Sweat – Review

If you want to understand why working class Americans voted for Donald Trump or even why people in Sunderland voted for Brexit then look no further than Lynn Nottage’s complex, urgent and moving play new play, Sweat, which has just opened at London’s Donmar Warehouse. 

Set in Reading, Pennsylvania, officially dubbed the poorest city of its size in the US, this Pulitzer winner, examines the alienation and disenfranchisement of the American working classes. 

The play is centred around Mike’s Bar – where complex socio-political ideas are served up alongside beers and shots, and a television set leaks out the emergence of George W Bush and the 2000 Chad election.

Tracey (Martha Plimpton) has been working “for as long as she could count money” in the local factory.

Lifelong friends Cynthia (Clare Perkins) and Jessie (Leanne Best) share the graft and party hard, while crippled bartender Stan (Stuart McQuarrie) keeps the drinks and the wisdom flowing.

The central protagonist though is the factory – venerated and hated in equal measure – where you have to know someone or have family kudos to get through the door.

In this world, work is generational and defining. 

Tensions begin to emerge when African-American Cynthia gets promoted out of the shop floor, and is compelled to sell the idea of a 60% pay cut to the workers.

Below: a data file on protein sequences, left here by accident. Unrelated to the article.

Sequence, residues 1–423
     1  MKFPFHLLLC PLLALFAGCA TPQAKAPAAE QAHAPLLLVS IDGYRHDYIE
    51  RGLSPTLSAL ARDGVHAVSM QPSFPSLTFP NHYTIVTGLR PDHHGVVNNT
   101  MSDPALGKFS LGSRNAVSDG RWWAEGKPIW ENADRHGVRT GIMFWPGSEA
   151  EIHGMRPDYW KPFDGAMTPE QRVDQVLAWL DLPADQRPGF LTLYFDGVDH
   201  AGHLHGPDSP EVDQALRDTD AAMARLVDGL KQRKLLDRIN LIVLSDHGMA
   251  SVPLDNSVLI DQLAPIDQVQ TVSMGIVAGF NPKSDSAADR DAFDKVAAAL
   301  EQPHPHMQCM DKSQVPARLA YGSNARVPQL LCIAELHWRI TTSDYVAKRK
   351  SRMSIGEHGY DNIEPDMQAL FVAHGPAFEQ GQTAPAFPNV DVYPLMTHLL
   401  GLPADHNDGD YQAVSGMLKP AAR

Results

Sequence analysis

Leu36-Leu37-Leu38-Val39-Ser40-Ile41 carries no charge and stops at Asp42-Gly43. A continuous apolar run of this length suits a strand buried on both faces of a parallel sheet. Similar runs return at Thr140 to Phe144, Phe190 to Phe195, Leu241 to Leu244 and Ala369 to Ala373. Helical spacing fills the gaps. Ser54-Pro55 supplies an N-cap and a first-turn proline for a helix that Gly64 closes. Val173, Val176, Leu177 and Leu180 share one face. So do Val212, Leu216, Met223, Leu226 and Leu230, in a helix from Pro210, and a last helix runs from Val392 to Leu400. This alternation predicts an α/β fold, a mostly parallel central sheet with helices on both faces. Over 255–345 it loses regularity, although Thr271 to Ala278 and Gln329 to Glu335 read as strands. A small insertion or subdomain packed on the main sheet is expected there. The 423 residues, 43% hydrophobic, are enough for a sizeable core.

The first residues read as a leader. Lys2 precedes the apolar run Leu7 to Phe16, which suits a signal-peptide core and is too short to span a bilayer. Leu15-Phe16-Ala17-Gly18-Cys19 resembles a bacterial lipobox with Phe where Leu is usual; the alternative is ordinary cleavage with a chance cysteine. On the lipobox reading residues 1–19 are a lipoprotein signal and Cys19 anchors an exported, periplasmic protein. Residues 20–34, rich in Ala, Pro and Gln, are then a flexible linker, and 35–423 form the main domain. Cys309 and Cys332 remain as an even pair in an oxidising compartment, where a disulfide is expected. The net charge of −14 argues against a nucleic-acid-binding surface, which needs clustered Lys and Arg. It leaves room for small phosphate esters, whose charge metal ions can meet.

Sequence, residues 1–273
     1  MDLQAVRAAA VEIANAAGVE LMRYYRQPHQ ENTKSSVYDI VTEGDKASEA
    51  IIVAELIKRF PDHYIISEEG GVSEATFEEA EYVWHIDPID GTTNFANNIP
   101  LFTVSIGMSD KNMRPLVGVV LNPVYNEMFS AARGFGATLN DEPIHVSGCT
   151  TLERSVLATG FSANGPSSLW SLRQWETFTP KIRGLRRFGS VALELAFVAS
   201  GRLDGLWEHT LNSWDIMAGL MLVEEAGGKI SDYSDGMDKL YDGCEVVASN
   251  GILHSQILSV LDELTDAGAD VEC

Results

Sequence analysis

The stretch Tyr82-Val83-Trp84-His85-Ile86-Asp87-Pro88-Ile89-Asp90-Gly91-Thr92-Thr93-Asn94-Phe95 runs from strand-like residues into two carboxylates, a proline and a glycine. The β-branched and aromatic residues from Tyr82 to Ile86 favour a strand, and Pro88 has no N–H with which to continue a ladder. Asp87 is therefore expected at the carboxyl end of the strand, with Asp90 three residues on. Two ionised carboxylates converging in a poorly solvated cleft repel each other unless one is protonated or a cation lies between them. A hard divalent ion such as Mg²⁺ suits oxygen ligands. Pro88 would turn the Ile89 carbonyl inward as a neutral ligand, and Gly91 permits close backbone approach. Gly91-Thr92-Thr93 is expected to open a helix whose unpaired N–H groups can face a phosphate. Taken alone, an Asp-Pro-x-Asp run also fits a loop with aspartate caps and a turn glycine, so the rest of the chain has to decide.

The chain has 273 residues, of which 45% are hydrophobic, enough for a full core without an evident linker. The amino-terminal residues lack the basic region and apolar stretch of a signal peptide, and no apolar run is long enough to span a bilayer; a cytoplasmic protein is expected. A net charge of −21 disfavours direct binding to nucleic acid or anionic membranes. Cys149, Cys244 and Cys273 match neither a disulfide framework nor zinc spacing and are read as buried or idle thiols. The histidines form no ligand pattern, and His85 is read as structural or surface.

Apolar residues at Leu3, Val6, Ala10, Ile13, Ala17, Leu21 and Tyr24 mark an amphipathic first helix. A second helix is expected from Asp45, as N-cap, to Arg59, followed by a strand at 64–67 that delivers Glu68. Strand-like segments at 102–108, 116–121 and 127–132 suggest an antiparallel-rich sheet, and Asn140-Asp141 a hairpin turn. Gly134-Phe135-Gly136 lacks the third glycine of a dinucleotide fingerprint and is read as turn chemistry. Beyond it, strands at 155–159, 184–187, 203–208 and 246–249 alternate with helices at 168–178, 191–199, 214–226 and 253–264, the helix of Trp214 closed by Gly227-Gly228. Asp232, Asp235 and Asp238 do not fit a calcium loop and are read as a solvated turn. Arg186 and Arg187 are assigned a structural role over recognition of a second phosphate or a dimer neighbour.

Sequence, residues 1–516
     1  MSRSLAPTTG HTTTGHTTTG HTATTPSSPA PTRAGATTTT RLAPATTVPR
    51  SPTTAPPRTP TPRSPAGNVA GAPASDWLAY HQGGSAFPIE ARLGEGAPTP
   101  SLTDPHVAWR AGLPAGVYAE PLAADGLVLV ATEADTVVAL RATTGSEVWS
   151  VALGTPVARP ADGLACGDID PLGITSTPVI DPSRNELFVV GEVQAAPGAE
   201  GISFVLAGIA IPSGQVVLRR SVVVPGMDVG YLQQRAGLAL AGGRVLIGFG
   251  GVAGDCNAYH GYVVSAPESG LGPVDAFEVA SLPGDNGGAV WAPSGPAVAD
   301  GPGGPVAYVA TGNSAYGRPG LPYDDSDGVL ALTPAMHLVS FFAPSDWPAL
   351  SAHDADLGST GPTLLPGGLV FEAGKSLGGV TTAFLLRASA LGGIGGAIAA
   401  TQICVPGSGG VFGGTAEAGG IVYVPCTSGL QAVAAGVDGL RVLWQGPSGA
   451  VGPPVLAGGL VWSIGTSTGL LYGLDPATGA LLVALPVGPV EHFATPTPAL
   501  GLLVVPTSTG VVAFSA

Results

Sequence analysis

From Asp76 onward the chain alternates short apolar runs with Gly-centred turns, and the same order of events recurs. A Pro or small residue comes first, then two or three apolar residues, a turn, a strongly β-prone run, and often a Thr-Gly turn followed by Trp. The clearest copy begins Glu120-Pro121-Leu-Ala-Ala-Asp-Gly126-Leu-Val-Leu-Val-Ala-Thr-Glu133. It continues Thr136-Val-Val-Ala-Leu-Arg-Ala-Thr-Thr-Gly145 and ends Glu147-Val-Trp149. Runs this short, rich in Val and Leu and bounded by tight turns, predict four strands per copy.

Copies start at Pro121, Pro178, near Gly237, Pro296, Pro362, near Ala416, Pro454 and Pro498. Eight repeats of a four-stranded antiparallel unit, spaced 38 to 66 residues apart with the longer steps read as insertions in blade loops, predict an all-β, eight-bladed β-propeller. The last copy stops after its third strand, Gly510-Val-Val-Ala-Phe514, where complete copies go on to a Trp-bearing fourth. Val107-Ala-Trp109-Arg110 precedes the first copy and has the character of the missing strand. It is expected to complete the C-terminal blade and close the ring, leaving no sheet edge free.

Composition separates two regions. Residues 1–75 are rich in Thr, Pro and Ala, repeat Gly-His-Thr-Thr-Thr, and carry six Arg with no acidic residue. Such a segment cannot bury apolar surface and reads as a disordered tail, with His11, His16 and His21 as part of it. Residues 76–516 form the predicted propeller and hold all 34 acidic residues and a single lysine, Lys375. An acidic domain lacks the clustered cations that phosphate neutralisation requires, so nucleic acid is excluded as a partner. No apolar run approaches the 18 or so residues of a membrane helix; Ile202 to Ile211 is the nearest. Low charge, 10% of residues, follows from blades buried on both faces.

The play skilfully portrays how economic crisis heighten racial divisions – and we ponder if this was a skilful ruse from the management? 

What Nottage’s shows us, so superbly, is how anger and divisions within the working class manifest towards racism, and fails to fully recognise the real villans – namely Machiavellian management and the blinkered politicians who “can’t see beyond the wipers on their windshields”.

In a terrific production from Lynette Linton in Frankie Bradshaw’s cleverly realised set, Sweat holds up a glass where we see the inmost part of contemporary America. 

Sweat runs at the Donmar Warehouse until January 26.

Sweat
  • Sweat
5

Summary

In a terrific production from Lynette Linton, Sweat examines the alienation and disenfranchisement of the American working classes.

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